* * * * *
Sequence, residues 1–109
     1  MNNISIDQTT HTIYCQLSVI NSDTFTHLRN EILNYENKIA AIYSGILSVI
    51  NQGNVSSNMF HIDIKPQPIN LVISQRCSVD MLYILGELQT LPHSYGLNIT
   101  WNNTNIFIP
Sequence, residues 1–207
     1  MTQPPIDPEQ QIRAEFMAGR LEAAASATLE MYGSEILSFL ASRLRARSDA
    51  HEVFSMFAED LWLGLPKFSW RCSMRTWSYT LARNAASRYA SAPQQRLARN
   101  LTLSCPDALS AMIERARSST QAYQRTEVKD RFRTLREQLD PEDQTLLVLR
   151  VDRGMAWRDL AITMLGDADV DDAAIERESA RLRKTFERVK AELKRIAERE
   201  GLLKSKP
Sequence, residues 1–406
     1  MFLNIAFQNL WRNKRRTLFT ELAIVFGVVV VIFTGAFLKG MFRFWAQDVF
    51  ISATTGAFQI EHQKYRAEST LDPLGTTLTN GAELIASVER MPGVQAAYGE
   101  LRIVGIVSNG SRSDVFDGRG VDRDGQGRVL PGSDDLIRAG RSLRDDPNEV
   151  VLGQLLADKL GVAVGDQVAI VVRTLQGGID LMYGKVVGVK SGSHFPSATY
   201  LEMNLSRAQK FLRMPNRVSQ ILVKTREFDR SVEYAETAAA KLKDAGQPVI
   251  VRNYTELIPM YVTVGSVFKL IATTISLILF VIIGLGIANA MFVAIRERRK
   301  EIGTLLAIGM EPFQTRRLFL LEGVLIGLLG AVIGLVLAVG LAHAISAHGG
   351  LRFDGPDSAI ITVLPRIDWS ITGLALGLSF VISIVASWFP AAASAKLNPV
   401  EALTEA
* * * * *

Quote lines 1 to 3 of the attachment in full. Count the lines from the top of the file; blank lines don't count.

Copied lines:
Sequence, residues 1–109
     1  MNNISIDQTT HTIYCQLSVI NSDTFTHLRN EILNYENKIA AIYSGILSVI
    51  NQGNVSSNMF HIDIKPQPIN LVISQRCSVD MLYILGELQT LPHSYGLNIT